The number of people dying from smoking-related diseases is increasing and smoking deaths in developing countries now equal the number of deaths in the industrialised world.
Nearly 5 million people died in the year 2000 from smoking-related diseases. One third of them died of heart disease and stroke. Almost a million died of lung cancer and more than a million of other lung diseases. Seventy-five percent of people who died from smoking-related diseases were men. The numbers in developing countries were as high as eighty percent. The number of smokers in the developing world is increasing.
Tobacco companies targeting developing nations
American Lung Association spokesman Paul Billings blames the "cynical marketing practices of the tobacco companies and the highly addictive nature of their product," for the rise in the number of smoking deaths in developing countries.
Study co-researcher Majid Ezzati, PhD, of Boston's Harvard School of Public Health, and colleague Alan Lopez, PhD, of the University of Queensland, Australia, made use of lung cancer death rates among non-smokers to estimate smoking deaths in developing nations. It is estimated that 930 million of the 1,1 billion smokers in the world live in developing nations. Their research findings are published in the September 12 issue of the journal The Lancet.
There has been a dramatic increase in smoking deaths over the past decade, but both these researchers and the World Health Organization (WHO) predict a doubling of deaths in the next 20 to 30 years, despite the fact that the number of smokers in western countries is on the decline. But in many of the developing nations there are no or very few tobacco controls, and this is where many tobacco companies focus their advertising campaigns.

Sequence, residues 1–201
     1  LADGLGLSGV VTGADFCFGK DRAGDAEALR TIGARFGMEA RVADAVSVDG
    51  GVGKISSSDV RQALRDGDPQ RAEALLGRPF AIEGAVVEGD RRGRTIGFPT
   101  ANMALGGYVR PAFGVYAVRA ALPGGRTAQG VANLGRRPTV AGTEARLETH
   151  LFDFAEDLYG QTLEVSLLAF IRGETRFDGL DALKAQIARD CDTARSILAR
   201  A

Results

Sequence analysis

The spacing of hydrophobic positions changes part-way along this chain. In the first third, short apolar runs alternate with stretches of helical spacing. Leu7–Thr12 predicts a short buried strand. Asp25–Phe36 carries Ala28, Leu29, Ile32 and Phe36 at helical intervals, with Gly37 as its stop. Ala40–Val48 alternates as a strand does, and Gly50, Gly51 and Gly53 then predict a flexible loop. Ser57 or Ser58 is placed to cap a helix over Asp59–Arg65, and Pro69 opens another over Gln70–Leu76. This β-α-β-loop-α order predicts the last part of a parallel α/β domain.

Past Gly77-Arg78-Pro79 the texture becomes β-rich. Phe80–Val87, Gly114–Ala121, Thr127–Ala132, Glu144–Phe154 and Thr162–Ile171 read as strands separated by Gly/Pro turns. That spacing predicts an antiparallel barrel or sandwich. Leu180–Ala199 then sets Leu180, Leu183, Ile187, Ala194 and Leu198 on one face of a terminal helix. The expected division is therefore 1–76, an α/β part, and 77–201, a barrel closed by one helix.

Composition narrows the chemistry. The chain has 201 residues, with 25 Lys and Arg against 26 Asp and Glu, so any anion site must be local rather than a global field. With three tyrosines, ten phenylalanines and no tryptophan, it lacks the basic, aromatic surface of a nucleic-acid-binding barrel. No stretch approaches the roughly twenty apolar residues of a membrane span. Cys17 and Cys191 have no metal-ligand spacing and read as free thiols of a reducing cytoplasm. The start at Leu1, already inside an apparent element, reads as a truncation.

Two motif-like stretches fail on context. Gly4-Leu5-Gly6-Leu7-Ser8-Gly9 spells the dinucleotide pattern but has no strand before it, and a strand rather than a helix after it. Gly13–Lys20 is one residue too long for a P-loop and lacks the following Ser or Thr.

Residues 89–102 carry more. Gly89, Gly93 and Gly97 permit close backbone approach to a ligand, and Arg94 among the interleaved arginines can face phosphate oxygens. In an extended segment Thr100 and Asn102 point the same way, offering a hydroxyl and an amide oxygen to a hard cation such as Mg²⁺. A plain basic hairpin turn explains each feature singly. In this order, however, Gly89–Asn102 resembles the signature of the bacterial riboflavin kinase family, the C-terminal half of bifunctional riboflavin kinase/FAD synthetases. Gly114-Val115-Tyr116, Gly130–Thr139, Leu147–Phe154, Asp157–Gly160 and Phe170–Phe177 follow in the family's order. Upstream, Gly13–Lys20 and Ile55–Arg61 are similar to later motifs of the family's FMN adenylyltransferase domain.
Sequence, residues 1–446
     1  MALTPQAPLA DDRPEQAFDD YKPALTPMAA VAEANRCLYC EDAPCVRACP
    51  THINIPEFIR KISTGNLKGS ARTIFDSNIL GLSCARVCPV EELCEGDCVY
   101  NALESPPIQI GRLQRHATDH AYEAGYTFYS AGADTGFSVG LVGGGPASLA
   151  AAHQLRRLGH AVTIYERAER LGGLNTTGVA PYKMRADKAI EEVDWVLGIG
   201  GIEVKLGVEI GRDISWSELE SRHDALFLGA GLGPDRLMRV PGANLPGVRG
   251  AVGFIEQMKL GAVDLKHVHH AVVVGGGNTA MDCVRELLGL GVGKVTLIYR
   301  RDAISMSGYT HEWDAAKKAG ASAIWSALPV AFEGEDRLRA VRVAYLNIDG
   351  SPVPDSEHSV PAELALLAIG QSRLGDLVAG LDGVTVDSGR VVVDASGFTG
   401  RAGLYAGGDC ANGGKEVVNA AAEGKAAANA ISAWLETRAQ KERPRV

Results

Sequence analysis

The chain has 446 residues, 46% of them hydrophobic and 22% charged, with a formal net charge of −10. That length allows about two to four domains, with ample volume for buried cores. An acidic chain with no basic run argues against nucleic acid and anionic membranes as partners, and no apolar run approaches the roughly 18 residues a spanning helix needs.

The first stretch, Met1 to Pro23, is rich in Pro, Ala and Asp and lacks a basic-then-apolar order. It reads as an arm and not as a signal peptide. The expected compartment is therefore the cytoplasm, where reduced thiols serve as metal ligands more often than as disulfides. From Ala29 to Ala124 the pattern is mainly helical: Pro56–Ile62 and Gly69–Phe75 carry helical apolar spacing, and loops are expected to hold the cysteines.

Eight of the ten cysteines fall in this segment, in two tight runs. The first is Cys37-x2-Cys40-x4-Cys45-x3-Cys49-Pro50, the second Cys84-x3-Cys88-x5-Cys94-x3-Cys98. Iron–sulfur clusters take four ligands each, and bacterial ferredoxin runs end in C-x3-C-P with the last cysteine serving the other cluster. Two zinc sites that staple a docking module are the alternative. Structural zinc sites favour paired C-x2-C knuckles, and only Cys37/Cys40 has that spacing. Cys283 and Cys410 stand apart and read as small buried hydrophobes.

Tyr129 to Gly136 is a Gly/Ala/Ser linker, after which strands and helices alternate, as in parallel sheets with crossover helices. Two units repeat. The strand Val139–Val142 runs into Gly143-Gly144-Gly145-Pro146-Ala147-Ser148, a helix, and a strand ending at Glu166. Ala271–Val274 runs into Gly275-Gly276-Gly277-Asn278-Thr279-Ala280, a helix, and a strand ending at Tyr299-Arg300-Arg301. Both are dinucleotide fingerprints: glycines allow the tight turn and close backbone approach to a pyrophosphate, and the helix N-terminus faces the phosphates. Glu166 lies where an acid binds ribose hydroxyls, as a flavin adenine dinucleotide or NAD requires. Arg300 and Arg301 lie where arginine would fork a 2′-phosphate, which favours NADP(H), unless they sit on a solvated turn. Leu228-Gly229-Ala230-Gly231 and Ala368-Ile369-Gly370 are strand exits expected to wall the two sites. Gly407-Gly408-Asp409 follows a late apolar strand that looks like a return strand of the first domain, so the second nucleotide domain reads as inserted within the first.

Asian men top the list of smokers – 70% of Chinese men smoke and according to Ezzati, the additional use of coal-burning stoves inside many Chinese homes is an additional risk factor for lung cancer.
Young girls smoking more
Despite the fact that in many developing countries, the majority of the smokers are men, there is a new disturbing trend revealed by the WHO at a conference in August: In both Africa and Southeast Asia, among teenagers between the ages of 13 – 15, the ratio of girls to boys who smoke is increasing rapidly. In Africa it is now as low as one to two.
Ezzati expressed his concern at the ability of developing countries to deal with the added burden of smoking-related diseases, and stressed that it was critical that this issue should be addressed. - (Health24)
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